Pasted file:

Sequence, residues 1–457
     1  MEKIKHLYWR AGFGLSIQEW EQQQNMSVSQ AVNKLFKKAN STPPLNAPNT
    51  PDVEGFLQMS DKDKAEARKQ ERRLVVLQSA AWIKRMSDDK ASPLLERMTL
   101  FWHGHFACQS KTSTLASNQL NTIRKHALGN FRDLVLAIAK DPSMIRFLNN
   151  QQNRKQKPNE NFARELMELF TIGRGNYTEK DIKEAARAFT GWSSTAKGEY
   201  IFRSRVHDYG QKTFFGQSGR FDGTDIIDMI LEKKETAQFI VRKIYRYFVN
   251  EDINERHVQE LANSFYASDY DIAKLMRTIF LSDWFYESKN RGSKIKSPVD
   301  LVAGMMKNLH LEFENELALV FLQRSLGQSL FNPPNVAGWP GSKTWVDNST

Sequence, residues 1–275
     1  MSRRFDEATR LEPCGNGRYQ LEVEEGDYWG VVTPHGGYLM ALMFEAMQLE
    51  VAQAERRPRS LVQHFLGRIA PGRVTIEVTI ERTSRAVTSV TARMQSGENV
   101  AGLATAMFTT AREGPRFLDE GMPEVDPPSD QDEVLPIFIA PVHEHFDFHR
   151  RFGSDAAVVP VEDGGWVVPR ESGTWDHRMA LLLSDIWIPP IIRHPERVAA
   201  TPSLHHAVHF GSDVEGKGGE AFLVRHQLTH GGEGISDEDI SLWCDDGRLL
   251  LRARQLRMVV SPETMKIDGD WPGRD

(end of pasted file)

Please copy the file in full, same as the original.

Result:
Sequence, residues 1–457
     1  MEKIKHLYWR AGFGLSIQEW EQQQNMSVSQ AVNKLFKKAN STPPLNAPNT
    51  PDVEGFLQMS DKDKAEARKQ ERRLVVLQSA AWIKRMSDDK ASPLLERMTL
   101  FWHGHFACQS KTSTLASNQL NTIRKHALGN FRDLVLAIAK DPSMIRFLNN
   151  QQNRKQKPNE NFARELMELF TIGRGNYTEK DIKEAARAFT GWSSTAKGEY
   201  IFRSRVHDYG QKTFFGQSGR FDGTDIIDMI LEKKETAQFI VRKIYRYFVN
   251  EDINERHVQE LANSFYASDY DIAKLMRTIF LSDWFYESKN RGSKIKSPVD
   301  LVAGMMKNLH LEFENELALV FLQRSLGQSL FNPPNVAGWP GSKTWVDNST

Sequence, residues 1–275
     1  MSRRFDEATR LEPCGNGRYQ LEVEEGDYWG VVTPHGGYLM ALMFEAMQLE
    51  VAQAERRPRS LVQHFLGRIA PGRVTIEVTI ERTSRAVTSV TARMQSGENV
   101  AGLATAMFTT AREGPRFLDE GMPEVDPPSD QDEVLPIFIA PVHEHFDFHR
   151  RFGSDAAVVP VEDGGWVVPR ESGTWDHRMA LLLSDIWIPP IIRHPERVAA
   201  TPSLHHAVHF GSDVEGKGGE AFLVRHQLTH GGEGISDEDI SLWCDDGRLL
   251  LRARQLRMVV SPETMKIDGD WPGRD